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Which is faster .. String.valueOf(int) or Integer.parseInt(str)

 
sanju dharma
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In jProbe profiler I see String.valueOf method is being called lot of times and is consuming considerable amount of time.
I want to compare string with int. I can convert STring to int or viceversa. Should I use Integer.parseInt(str) ?
Thanks,
Sudhir
 
Ernest Friedman-Hill
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Integer.parseInt(String) has to do much more work than String.valueOf(int). Parsing a string is a lot harder than generating one.
 
John Smith
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EFH: Integer.parseInt(String) has to do much more work than String.valueOf(int).
From the top of my head, I would predict the same result, but here is the surprise, -- Integer.parseInt() is actually faster than String.valueOf()!

Output from my machine, running jdk1.4.2 on Windows98:
Integer.parseInt() test took 21040 ms
String.valueOf() test took 24000 ms
The "String temp = i + """ line is there to make it a fair test.
I looked at the source code for both methods, and Integer.parseInt() does look more complex, so I am not sure what's at play here.
 
John Smith
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Even more interestingly, same test under jdk1.3.1 produces this:
Integer.parseInt() test took 17520 ms
String.valueOf() test took 13180 ms
String.valueOf() almost twice faster in 1.3.1 compared to 1.4.2?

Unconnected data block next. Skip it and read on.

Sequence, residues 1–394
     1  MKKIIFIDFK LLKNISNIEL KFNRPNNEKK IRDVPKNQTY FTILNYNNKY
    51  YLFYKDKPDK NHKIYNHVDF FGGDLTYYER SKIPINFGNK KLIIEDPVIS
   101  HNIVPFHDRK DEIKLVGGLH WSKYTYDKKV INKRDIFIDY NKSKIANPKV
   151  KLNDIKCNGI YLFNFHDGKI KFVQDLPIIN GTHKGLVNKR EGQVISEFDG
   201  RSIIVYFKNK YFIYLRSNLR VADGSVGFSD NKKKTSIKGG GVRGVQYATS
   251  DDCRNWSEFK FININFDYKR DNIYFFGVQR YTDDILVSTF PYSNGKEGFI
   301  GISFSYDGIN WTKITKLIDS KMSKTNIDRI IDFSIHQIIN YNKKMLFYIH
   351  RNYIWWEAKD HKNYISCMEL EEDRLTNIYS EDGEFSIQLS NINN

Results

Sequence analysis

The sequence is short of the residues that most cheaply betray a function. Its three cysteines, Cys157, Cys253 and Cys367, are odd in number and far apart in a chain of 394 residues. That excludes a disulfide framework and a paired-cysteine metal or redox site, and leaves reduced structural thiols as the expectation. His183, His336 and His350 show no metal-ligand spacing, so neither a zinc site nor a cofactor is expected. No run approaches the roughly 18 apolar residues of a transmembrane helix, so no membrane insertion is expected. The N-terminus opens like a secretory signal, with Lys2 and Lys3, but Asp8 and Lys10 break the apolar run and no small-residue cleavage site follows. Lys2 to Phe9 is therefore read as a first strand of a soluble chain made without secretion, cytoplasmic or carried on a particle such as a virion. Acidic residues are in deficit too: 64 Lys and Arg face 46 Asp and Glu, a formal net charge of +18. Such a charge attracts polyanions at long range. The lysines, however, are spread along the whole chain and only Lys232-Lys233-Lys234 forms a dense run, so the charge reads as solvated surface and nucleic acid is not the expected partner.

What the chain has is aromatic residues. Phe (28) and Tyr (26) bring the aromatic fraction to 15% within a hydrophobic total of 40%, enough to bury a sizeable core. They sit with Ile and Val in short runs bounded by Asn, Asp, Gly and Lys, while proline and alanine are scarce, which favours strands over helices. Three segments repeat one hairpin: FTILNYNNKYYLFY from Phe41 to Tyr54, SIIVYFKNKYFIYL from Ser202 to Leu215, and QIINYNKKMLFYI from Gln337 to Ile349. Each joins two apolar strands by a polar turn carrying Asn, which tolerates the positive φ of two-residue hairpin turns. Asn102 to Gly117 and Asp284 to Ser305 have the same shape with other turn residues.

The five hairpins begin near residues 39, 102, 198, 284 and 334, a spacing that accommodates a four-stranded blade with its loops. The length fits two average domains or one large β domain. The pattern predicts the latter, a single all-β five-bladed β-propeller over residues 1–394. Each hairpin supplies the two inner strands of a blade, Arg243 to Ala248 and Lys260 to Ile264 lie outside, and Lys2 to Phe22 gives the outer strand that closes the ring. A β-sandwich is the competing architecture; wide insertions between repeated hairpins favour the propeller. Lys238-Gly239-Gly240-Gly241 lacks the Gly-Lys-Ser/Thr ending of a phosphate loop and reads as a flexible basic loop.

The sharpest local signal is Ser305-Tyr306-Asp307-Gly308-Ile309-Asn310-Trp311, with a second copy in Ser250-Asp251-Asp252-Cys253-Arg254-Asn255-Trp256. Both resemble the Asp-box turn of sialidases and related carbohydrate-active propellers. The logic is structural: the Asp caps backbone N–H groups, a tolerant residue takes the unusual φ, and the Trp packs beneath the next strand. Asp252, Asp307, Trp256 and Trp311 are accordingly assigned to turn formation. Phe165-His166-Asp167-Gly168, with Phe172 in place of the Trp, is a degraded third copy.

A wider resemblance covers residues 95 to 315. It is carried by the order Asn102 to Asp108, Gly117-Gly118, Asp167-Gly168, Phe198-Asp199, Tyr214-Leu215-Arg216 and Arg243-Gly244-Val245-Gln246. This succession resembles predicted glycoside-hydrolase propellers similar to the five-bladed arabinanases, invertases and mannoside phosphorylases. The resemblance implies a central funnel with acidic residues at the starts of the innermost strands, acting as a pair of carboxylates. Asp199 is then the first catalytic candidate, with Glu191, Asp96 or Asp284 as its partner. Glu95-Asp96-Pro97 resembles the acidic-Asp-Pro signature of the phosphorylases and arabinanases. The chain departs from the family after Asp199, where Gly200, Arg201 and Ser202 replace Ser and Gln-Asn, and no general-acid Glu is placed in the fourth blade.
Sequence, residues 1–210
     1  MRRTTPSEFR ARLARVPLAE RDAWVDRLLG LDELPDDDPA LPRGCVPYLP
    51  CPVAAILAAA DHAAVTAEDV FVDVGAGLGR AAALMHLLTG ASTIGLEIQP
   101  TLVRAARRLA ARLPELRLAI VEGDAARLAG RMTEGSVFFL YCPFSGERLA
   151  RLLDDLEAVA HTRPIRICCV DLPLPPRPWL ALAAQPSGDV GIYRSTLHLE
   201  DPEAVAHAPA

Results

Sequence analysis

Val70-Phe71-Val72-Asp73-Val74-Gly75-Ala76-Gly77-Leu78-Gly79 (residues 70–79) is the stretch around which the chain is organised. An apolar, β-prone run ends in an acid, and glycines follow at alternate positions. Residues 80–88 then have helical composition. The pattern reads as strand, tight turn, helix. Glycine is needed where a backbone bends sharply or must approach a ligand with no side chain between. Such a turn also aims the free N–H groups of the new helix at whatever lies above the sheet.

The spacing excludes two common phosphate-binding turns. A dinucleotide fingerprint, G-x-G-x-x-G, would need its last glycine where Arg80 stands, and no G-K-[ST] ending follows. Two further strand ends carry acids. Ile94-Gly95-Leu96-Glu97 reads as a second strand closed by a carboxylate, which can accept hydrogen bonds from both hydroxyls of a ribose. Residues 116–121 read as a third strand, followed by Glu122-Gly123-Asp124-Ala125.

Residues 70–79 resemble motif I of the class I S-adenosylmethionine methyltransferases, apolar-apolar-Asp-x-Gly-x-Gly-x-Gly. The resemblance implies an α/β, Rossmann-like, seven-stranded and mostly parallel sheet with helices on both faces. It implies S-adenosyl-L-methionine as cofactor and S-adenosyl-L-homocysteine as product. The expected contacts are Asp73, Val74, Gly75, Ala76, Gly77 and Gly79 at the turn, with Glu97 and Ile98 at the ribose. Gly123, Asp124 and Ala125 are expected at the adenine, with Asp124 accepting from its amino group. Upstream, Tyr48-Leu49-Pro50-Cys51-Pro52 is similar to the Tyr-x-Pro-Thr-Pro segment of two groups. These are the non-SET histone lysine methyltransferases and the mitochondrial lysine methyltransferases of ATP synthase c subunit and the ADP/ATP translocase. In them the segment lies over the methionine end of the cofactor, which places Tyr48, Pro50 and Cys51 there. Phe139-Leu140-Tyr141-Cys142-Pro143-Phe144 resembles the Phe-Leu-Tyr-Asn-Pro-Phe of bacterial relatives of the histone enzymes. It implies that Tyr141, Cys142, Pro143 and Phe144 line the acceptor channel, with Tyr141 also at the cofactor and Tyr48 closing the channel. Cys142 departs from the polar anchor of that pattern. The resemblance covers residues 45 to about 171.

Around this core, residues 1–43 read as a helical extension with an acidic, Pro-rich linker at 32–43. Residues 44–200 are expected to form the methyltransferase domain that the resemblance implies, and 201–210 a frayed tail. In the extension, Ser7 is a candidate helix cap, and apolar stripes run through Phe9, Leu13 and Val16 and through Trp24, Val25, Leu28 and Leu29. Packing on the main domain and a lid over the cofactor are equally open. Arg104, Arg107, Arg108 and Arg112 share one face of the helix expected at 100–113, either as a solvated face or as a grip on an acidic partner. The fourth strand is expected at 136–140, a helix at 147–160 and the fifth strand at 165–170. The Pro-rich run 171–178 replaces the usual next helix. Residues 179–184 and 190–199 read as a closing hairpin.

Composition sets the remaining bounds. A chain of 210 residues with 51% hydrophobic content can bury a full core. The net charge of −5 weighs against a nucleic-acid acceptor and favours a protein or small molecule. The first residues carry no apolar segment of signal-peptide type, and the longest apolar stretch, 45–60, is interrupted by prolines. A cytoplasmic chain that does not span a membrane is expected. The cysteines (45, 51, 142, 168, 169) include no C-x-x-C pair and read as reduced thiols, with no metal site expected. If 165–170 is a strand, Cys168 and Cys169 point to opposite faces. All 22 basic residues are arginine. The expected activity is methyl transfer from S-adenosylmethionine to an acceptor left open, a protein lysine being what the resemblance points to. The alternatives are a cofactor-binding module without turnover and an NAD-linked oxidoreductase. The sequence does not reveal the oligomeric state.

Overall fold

Ernest Friedman-Hill
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Microbenchmarks -- long loops that call the same tiny bit of code a million times -- are notoriously bogus with Hotspot, because of the way dynamic recompilation is done. You can't read too much into this test.
But I did make a mistake here; parseInt() returns an int, while valueOf() returns a String. Allocating an object is costly, and since parseInt() doesn't need to allocate any, it's not surprising if it's faster. Change the program to use new Integer(temp) instead of parseInt(temp), and you're likely to see things go the other way.
 
Jim Yingst
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Note also that in the original post, the plan is to compare the String to int. So I'm guessing that involves a String.valueOf() plus an equals() or compareTo(), or an Integer.parseInt() plus an == or -. So the parseInt() is looking even better, IMO, since == or - will probably be faster than equals() or compareTo().
But really, Sudhir - if you've got JProbe on the system, just try it both ways, and see which is faster. That will give you a more realistic picture of what effect this change will have on your system, they way you're currently using it - better than these microbenchmarks. Also consider - if the String can be parsed as an int, maybe you should do that when you first get the data, and store an int rather than a String. Then after that you can compare to other ints very quickly. This especially makes sense if you're going to do a lot of comparisons later (which sounds like it's the case, from your first post). You don't want to call either String.valueOf() or Integer.parseInt() more than once for the same data - converting the data when it's first read/loaded/whatever may be a good way to eliminate a bunch of redundant conversions later.
 
Ilja Preuss
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Yes, it seems as if the best strategy would *not* be to optimize the conversion, but to minimize the number of conversions you have to do.
For example, you should take a look at your algorithm: What are you doing the comparisions for? Could their number be minimized somehow?
If you can't minimize the number of conversions, you could try some kind of caching mechanism. That is, store already converted Strings in a HashMap together with the results of the conversion. Of course that would only help if the Strings are repeated several times.
 
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